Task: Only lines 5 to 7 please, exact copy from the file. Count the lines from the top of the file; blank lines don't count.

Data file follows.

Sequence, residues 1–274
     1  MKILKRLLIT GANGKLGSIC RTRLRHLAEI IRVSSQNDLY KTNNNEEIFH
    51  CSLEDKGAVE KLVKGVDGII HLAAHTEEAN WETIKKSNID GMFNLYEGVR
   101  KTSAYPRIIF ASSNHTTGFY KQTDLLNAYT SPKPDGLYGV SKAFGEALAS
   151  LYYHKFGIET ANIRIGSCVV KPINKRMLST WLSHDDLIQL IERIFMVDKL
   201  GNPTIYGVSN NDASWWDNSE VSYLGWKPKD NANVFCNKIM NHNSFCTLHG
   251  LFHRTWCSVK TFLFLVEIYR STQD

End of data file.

   151  LYYHKFGIET ANIRIGSCVV KPINKRMLST WLSHDDLIQL IERIFMVDKL
   201  GNPTIYGVSN NDASWWDNSE VSYLGWKPKD NANVFCNKIM NHNSFCTLHG
   251  LFHRTWCSVK TFLFLVEIYR STQD